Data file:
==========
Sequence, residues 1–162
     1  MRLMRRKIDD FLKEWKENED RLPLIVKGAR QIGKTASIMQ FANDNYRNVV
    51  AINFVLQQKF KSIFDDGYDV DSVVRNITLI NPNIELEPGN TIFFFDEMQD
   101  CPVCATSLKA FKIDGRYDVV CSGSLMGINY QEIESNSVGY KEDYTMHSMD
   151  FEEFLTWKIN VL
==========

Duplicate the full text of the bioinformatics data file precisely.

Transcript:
Sequence, residues 1–162
     1  MRLMRRKIDD FLKEWKENED RLPLIVKGAR QIGKTASIMQ FANDNYRNVV
    51  AINFVLQQKF KSIFDDGYDV DSVVRNITLI NPNIELEPGN TIFFFDEMQD
   101  CPVCATSLKA FKIDGRYDVV CSGSLMGINY QEIESNSVGY KEDYTMHSMD
   151  FEEFLTWKIN VL